WALKER HENEAGE, John (1730-1806), of Lyneham and Compton Bassett, Wilts.
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Family and Education
b. 17 May 1730, s. of John Walker of Lyneham, Wilts. by Dionysia, da. of James Colebrooke of Chilham Castle, Kent, and sis. of Robert, James, and George Colebrooke. m. 15 Oct. 1763, Arabella, da. of Jonathan Cope of Overton, Hants, s.p. suc. fa. 27 Apr. 1758; purchased estate of Compton Bassett from William Northey for £4,000.1 At the request of his cos. Elizabeth Heneage (whose heir he was) assumed name of Heneage 8 Mar. 1777.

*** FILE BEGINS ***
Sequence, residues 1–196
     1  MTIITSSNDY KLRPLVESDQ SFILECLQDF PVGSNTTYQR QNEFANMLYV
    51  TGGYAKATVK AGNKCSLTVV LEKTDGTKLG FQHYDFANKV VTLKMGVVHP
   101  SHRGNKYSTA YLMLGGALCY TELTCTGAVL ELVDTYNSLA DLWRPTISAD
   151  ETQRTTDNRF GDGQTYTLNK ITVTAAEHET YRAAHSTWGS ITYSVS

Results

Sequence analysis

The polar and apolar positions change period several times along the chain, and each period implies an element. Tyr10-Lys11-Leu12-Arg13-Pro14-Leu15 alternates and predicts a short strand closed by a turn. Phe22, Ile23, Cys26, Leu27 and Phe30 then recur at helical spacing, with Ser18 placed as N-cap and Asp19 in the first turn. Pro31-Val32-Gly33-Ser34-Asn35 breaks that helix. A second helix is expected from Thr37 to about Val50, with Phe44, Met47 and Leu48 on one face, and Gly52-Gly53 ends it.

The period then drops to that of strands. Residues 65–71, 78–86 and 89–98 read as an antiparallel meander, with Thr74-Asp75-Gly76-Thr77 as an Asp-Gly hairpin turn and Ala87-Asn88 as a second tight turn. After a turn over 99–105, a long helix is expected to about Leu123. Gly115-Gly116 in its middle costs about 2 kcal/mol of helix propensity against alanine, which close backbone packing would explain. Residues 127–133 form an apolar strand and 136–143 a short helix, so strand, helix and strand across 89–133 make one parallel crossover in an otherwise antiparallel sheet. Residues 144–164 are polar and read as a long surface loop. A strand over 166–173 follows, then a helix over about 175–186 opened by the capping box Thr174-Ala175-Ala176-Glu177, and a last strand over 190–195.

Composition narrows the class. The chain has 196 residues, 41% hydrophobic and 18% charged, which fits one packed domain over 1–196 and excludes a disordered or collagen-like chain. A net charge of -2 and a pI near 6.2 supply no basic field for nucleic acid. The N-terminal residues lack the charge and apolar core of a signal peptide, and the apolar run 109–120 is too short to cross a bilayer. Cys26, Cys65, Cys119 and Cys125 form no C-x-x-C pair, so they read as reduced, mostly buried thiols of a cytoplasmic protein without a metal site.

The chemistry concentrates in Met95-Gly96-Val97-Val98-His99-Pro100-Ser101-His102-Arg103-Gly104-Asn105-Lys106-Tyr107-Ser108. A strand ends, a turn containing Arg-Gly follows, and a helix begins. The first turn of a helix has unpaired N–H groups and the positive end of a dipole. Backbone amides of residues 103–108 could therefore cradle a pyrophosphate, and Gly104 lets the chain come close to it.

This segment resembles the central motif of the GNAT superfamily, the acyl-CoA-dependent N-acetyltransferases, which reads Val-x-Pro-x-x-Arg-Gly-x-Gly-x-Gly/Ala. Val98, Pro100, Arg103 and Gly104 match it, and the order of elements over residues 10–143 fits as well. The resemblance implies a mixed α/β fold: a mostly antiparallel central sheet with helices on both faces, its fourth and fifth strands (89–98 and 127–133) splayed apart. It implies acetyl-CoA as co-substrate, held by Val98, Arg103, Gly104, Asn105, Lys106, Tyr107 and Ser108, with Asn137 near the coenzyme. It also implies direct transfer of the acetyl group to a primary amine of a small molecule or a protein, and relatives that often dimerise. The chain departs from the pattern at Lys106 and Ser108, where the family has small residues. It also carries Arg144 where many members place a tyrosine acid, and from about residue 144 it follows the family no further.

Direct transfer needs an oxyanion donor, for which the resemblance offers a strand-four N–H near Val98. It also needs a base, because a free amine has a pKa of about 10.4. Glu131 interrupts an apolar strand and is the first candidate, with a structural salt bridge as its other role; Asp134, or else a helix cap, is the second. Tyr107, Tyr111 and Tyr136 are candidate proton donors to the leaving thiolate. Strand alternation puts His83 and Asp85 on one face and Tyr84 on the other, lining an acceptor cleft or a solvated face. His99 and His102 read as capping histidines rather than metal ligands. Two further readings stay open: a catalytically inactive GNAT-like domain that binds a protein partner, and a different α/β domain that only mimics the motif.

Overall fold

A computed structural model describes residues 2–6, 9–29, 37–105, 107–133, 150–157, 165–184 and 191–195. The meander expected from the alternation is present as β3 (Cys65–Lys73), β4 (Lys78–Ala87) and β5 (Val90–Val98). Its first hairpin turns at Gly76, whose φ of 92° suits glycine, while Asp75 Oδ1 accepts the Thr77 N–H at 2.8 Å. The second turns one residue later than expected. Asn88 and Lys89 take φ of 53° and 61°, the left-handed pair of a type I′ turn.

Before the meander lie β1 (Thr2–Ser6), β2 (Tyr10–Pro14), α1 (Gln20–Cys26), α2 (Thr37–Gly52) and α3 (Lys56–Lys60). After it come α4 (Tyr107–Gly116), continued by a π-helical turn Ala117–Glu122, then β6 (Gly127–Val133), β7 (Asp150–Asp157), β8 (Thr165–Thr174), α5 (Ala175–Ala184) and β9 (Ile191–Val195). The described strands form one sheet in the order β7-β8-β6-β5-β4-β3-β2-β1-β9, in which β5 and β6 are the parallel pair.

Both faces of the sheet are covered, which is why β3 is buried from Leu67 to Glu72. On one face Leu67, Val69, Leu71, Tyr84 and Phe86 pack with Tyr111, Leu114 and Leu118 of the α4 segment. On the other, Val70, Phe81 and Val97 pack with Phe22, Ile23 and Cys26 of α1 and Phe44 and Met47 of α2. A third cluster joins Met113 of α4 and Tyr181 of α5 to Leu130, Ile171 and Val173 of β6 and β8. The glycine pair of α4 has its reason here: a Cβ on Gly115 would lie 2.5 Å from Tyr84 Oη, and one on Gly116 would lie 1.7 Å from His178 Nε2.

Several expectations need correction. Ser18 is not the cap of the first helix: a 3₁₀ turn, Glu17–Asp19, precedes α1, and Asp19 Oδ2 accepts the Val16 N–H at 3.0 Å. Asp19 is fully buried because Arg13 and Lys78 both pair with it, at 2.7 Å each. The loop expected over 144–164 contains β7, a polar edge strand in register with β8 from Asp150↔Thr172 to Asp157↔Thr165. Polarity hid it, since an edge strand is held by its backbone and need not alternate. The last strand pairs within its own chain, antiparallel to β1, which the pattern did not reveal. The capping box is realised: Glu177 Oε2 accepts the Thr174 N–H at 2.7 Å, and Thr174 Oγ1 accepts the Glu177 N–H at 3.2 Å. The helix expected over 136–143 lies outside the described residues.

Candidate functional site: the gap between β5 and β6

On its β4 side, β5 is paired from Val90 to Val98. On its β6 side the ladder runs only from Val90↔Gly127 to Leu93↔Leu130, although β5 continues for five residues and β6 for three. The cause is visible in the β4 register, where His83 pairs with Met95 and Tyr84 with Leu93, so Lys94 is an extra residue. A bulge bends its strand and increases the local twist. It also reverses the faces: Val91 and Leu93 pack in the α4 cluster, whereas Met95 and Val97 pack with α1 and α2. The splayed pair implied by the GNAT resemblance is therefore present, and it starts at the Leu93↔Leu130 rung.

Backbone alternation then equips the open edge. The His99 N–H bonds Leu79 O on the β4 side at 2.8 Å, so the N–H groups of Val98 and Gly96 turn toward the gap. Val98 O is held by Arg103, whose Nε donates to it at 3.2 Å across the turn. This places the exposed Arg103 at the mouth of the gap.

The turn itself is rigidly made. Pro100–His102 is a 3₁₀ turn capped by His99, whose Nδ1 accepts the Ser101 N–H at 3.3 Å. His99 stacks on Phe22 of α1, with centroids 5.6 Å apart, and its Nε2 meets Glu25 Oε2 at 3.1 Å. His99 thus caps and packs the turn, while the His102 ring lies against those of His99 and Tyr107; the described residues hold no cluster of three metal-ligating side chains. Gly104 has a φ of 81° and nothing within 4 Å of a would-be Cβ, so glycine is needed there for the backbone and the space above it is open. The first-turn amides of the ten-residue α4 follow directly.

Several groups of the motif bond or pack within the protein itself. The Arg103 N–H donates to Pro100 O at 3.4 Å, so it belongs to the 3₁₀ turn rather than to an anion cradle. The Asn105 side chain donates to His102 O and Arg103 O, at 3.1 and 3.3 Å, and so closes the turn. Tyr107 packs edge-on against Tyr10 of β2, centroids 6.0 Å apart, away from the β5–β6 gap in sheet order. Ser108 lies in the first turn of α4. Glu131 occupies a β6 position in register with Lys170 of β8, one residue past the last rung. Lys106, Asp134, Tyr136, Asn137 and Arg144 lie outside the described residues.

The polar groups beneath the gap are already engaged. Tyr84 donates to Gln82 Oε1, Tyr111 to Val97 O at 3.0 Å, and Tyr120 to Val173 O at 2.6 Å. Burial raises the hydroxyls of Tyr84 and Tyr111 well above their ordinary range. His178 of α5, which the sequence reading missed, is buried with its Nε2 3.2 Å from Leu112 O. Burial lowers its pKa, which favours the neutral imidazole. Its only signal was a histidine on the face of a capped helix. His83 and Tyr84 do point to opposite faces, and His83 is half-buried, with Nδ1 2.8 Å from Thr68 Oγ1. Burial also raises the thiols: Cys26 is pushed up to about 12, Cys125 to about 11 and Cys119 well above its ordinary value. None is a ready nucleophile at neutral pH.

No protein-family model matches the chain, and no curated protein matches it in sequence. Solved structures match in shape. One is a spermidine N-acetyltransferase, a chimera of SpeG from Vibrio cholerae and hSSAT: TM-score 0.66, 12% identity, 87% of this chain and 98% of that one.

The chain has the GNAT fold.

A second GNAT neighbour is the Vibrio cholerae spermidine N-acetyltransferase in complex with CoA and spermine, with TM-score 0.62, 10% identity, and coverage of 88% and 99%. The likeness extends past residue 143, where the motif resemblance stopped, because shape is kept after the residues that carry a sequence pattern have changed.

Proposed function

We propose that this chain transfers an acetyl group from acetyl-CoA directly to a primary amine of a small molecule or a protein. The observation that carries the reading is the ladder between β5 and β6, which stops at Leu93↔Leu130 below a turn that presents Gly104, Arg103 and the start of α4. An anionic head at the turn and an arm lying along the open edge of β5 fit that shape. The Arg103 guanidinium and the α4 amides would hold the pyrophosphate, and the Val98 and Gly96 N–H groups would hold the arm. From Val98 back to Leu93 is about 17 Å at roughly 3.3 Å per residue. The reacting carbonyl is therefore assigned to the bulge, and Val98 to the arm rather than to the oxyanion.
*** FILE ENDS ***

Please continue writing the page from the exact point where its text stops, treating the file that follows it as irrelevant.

Hereditary usher to the court of Exchequer.
Heneage was prominent in society, and a heavy gambler. George Selwyn wrote to Lord Carlisle, 6 Mar. 1782:2‘Your kinsman [Heneage’s mother-in-law was Carlisle’s half-sister] is a cul de plomb at the table, and has lost, I believe, both his eyes and his fortune at it. He seems so blind as not to see the card which is before him.’
At the general election of 1784 he stood for Cricklade, in partnership with Robert Nicholas, as a ‘declared friend’ of Pitt. They were defeated on the poll but seated on petition. He voted with Pitt over parliamentary reform, 18 Apr. 1785, and on Richmond’s fortifications plan, 27 Feb. 1786; but on 1 May 1788 signed the circular calling on country gentlemen to gather into a third force independent both of Pitt and Fox, and during the Regency crisis voted with the Opposition.
Heneage died 26 Feb. 1806.